Trump – Brexit’s Going to Be a Wonderful Thing

Trump-Brexit's Going to Be a Wonderful Thing

When then-presidential candidate Donald Trump announced in August 2016 that “they will soon be calling me MR. BREXIT,” few took him seriously.

Three years on — and after many more related Trump remarks, now as U.S. president — there were no laughs Monday when British opposition leader Jeremy Corbyn warned of a “Trump-deal Brexit,” a reference to Trump’s repeated offers of a post-Brexit trade deal between the United States and Britain. Such an agreement, Corbyn argued, would lead to “a one-sided United States trade deal that will put us at the mercy of Donald Trump and the biggest American corporations.”

Even as the Brexit battle heats up — with Prime Minister Boris Johnson, a Conservative, planning to suspend Parliament next week and threatening to expel rebellious Conservative members of Parliament from the party — Trump has managed to keep inserting himself into the Brexit debate. Washingtonpost

Brexit: UK stopped being a member of the European Union

The UK stopped being a member of the European Union (EU) at 23:00 GMT on 31 January 2020.

For those not following every twist and turn, this is what you need to know.
What is Brexit?

Brexit – British exit – refers to the UK leaving the EU.

A public vote (known as a referendum) was held in June 2016, when 17.4 million people opted for Brexit. This gave the Leave side 52%, compared with 48% for Remain.

What is the European Union?

The EU is an economic and political union involving 28 European countries. It allows free trade, which means goods can move between member countries without any checks or extra charges. The EU also allows free movement of people, to live and work in whichever country they choose.

The UK joined in 1973 (when it was known as the European Economic Community) and it will be the first member state to withdraw.
What happens after Brexit day?

The UK formally left the EU on 31 January 2020, but there is still a lot to talk about and months of negotiation to come.

While the UK has agreed the terms of its EU departure, both sides still need to decide what their future relationship will look like. BBC

Brexit is happening

After three years of haggling in the British Parliament, convulsions at the top of the government and pleas for Brussels to delay its exit, Britain closes the book on nearly half a century of close ties with Europe on Jan. 31.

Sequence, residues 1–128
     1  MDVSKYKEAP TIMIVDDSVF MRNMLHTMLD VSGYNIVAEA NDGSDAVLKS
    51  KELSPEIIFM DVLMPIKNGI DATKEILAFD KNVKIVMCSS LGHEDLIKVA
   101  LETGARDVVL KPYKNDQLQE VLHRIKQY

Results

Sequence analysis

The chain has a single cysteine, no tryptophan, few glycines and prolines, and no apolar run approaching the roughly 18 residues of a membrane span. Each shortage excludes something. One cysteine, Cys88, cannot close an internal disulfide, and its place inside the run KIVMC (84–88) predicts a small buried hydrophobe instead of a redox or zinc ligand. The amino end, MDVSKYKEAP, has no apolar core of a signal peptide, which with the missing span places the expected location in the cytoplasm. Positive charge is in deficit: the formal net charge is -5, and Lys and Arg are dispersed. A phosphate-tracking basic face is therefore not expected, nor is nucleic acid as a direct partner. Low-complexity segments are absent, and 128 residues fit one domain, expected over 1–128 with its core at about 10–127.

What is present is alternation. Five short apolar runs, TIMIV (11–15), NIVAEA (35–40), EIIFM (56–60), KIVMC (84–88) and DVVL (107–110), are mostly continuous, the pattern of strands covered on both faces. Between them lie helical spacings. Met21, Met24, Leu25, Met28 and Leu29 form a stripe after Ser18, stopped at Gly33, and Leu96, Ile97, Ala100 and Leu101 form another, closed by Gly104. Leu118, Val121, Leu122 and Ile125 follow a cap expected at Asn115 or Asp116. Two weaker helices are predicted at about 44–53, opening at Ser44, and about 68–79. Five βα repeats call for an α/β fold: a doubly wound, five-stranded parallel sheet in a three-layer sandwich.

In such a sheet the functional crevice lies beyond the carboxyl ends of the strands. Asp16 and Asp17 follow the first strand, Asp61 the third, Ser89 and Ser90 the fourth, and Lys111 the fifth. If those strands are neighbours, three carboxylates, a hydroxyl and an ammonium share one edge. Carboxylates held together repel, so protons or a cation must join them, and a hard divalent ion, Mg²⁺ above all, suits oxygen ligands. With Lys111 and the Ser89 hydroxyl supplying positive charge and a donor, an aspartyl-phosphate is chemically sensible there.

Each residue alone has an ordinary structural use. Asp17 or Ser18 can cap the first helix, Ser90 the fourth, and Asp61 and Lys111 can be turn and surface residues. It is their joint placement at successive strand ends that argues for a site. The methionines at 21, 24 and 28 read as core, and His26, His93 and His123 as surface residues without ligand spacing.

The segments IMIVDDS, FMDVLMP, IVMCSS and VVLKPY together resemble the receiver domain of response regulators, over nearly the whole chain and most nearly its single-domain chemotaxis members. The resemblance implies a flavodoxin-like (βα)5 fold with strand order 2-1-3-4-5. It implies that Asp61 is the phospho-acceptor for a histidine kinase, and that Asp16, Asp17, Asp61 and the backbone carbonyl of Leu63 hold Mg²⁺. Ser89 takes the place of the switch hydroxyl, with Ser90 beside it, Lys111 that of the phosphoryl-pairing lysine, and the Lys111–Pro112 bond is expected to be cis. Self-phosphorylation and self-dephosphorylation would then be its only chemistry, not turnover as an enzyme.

Its split with the European Union was sealed when Prime Minister Boris Johnson’s Conservative Party won a resounding victory in December’s general election. That supplied Mr. Johnson with the parliamentary majority he needed to pass legislation in early January setting the terms of Britain’s departure, a goal that repeatedly eluded his predecessor, Theresa May. European lawmakers gave the plan their blessing later in the month.

Mr. Johnson, a brash proponent of withdrawal, will now guide the country through the most critical stage of Brexit: trade negotiations that will determine how closely linked Britain remains with the bloc.

Little will change overnight. At midnight in Brussels on Jan. 31 – 11 p.m. in London, a reminder that the European Union sets the terms of departure – Britain will begin an 11-month transition in which it continues to abide by the bloc’s rules and regulations while deciding what sort of Brexit to pursue. NYtimes

Predictions for Brexit’s Impact on the Property Market

Over 2 years ago, the UK went to the polls and decided to leave the European Union, not even 50 years after they had decided to join the confederacy of countries. Not even the most seasoned economist can predict what impact this democratic decision will have over the long and short term, but already market leaders are preparing for what may come after the UK’s formal exit in March 2019.

The property market, one long invested in by international entrepreneurs and billionaires looking for a piece of prime real estate in one of the most sought-after countries in the world, will experience a similar period of uncertainty to other markets. Property developments are facing a new wave of uncertainty. Ranging from immigration impact, rapidly changing house prices and a shake-up of the market’s entire management on a legal and commercial level, here are just a few of the impacts the experts are predicting.

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